Nearly Half of All Android Devices Have Jumped to Jelly Bean - HotHardware
Nearly Half of All Android Devices Have Jumped to Jelly Bean

Nearly Half of All Android Devices Have Jumped to Jelly Bean

It's been a little over a year since Google's original Nexus 7 tablet introduced Jelly Bean to the market, and though it was initially slow to roll out to more device, it's now found on nearly half of all Android devices around the world, according to Google's Developers Dashboard. Unfortunately, the bulk of those installations are Android 4.1.x, the original version of Jelly Bean that's now found on 36.5 percent of Android devices, versus the latest build, Android 4.3, which is found on only 1.5 percent of Android gadgets. Sitting in between is Android 4.2.x with a 10.6 percent share of the Android market.

That means that the vast majority of Android users, including those on Jelly Bean, are missing out on the latest features, some of which include virtual surround sound, OpenGL ES 3.0 and the various optimizations that make Android run faster, autocomplete on the dial pad, location detection through Wi-Fi without turning on Wi-Fi all the time, restricted profiles, and a few other tidbits.

Android Jelly Bean Logo

Interesting, the second most used version of Android is Gingerbread (Android 2.3.3 to 2.3.7), which is now several generations old. The reason is because there are still a lot of lower end devices being sold, as well as dated smartphones that have long been forgotten by their manufacturer and wireless carrier.

Android KitKat

Looking ahead, the next major release of Android is KitKat (Android 4.4), or the operating system previously known as Key Lime Pie. KitKat is rumored to launch later this month with support for wireless NFC payments, Miracast, a redesigned camera UI, and more.
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Kitkit lol I think that's a typo

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kitkat is key lime pie. They changed the name.

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I think this is just misleading PR from google. This article makes it sound as though JellyBean as been rolled out as an update to phones where market share has grown from a year ago to today. This is not true at all. The launch of the Galaxy S4 and all its iterations, HTC One, Nexus4, not to mention the miriad of Phablets, etc, is really the cause for why there are so many more Jellybean devices out there than a year ago. That market share growth is mainly from the sale of new hardware and not the upgrade of old hardware, which is another reason why such a large portion of the market is still running gingerbread.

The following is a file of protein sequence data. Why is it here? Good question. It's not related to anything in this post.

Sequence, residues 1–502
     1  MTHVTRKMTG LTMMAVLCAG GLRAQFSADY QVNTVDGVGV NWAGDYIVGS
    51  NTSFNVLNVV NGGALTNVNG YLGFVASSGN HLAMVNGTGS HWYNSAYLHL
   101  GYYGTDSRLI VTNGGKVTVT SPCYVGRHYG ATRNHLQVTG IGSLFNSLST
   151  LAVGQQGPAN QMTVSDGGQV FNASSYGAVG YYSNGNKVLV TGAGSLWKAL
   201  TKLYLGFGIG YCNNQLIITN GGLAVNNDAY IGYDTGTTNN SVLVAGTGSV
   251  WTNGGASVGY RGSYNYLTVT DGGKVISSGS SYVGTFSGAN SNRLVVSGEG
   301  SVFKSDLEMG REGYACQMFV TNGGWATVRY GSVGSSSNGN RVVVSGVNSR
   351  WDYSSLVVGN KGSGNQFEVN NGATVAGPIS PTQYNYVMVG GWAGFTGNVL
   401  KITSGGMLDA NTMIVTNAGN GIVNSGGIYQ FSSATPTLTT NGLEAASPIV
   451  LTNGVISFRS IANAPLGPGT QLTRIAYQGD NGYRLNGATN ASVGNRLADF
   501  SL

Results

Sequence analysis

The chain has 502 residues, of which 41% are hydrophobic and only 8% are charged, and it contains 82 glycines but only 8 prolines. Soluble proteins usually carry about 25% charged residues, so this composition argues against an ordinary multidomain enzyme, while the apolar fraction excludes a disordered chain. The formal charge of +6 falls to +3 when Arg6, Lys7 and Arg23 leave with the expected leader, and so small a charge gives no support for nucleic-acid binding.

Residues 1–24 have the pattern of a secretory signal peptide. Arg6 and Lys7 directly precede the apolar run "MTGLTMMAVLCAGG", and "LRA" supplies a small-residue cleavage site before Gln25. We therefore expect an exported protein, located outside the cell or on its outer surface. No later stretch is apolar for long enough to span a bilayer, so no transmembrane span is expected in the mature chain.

This isn't to say that google is still doing horrible but it just isn't there yet when it comes to upgrades where some devices never get the update and those that do often get the release so late that people are either no longer interested in the update or have simply bought a new device already at that point.

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sevags:

I think this is just misleading PR from google. This article makes it sound as though JellyBean as been rolled out as an update to phones where market share has grown from a year ago to today. This is not true at all. The launch of the Galaxy S4 and all its iterations, HTC One, Nexus4, not to mention the miriad of Phablets, etc, is really the cause for why there are so many more Jellybean devices out there than a year ago. That market share growth is mainly from the sale of new hardware and not the upgrade of old hardware, which is another reason why such a large portion of the market is still running gingerbread.

This isn't to say that google is still doing horrible but it just isn't there yet when it comes to upgrades where some devices never get the update and those that do often get the release so late that people are either no longer interested in the update or have simply bought a new device already at that point.

you got it and many of us with these newer phones would have been perfectly happy if the devices we upgraded from were still supported by Google and receiving updates. To be honest if you have a 2 year old phone and the manufacturer stops supporting it that's Ok but if the devive is less than a year old and no longer supported that is complete BS.

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